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Sunday, August 17, 2014

The Cow Chip Lady by Linda Hubalek

I love looking at old photos collected on historical internet sites like, and Pinterest. One of the most famous photos, that of a woman gathering cow chips, depicts the typical life of a pioneer woman in many people’s minds.
Here’s this woman, stuck out on the Western Kansas plains, with nothing but the flat prairie behind her—and she’s gathering dried buffalo manure to use as fuel to cook her family’s meals.
That was life for the women homesteading on the plains with no trees for fuel. Unless you lived on a river that had trees on its banks, you were pretty much out of luck. Prairie fires kept trees from foresting the Plains before towns and farms changed the landscape. So you gathered whatever you could find to burn, and people soon found out that dried manure gave a nice slow burning heat.
However, one of the interesting internet links with this photo on the Kansas site is the story behind the staging of this picture. Yes, a young woman that wanted to be a photographer set it up. In 1893 Ada McColl posed for her camera, and her mother Polly actually took the picture featuring Ada, and her little brother Burt, (mistaken for a girl because of his clothing). You can read the whole story of the Pioneer Photographer: The Story of the Cow Chip Lady in this link (then scroll down to page 10).
I always wonder about the people and sceneries in old photos, so it was neat to find the story behind this particular one. Even though Ada staged the shot, it was a common chore for many a woman on the Kansas prairie between the 1850's to 1870's. Ada would have used her family’s cow herd’s dried manure to fill her wheelbarrow because the buffalo herds were gone from the state twenty years before this picture was taken.
But Ada gave us more than a glimpse of how the first pioneers  scrounged for buffalo chips after a herd passed through the area. She showed the view of the endless prairie in the horizon, the taste and smell of the dirt blowing on her face from the constant wind, the dry gritty feel of the dried manure on her hands, and the weight of the wheel barrow.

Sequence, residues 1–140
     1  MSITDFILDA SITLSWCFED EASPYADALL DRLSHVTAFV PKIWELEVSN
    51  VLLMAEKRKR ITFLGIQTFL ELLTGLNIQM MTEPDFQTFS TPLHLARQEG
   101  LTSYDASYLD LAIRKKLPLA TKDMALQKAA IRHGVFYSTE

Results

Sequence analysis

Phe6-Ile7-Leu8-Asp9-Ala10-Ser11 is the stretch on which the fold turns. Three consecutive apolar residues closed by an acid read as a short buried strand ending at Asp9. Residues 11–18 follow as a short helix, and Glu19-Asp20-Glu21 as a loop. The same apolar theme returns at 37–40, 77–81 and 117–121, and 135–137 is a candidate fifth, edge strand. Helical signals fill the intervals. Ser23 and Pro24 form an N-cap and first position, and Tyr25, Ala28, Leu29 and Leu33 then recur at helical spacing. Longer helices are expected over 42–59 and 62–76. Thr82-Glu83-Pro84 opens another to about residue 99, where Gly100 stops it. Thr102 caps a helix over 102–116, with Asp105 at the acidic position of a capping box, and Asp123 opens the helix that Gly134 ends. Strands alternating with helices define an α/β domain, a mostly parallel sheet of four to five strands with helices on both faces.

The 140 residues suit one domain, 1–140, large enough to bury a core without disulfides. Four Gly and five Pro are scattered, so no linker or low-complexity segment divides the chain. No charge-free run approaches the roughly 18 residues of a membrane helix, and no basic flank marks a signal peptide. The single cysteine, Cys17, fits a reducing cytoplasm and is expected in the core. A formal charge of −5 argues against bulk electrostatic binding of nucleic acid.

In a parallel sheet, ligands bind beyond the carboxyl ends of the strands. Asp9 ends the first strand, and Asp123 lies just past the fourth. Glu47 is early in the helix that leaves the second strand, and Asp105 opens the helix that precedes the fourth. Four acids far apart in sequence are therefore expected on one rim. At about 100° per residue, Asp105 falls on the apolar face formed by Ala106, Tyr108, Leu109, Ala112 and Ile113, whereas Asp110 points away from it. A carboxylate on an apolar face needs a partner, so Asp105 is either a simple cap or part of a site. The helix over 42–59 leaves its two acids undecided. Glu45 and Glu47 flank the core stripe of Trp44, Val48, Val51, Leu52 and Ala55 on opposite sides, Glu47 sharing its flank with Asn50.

That’s what I always aim to portray in my pioneer books… not only visual sights for the reader, but for all their senses as well. I have to admit, this picture says a lot without words…


  1. Fascinating story behind that very famous photo!! Never had any idea More than that, I share your love of OLD photos...I've collected them for years, and as a collector of local/regional history I collect vintage and old photos and postcards. So far I've scanned over 700! thanks for sharing! Enjoyed your post.

  2. Like you, I have wondered at the staging of some of the old photographs. The story behind this one is inspiring. To stage your own photo to showcase life as you knew it was, that to me is even more precious. Thank you for sharing this information. For me it is the mountain photos. Can't get enough of those. (Smile) Doris

  3. I can't help but wonder what buffalo chips smelled like. I guess they had to wait until the stuff was all dried out. Maybe by then it just smelled like hay. It probably wasn't too different than the Celts who burned peat.
    I like the idea of a woman photographer. Staging the photograph doesn't take away the historical importance of life on the plains. Good blog, Linda.

  4. Thanks, Gail. I have lots of family photos passed down from the 1800's but not the volume you have! I also have some postcards and fun to see my ancestors' handwriting.

  5. Hi Doris, I thought the staging of this photo was ingenious. Notice how flat and bare the background was in this picture. Totally different than your favored mountains. :)

  6. Actually, Sarah, I raised bison for over a decade and love the smell of buffalo manure. Besides grass, we had fresh alfalfa growing our pasture and it gave their fresh manure a grassy sweet smell. Much, much better than cattle, and especially pigs. It's the grains fermenting in these types of animals that makes their manure smell so bad.

  7. I love how this woman staged the photo herself! Thanks for an intriguing backstory, Linda.

  8. Replies
    1. Ada was a great aunt on my Father's side. She and Henry are at rest in Washington Township Cemetary just outside of Panama Iowa. Her gravestone has her famous photo on it.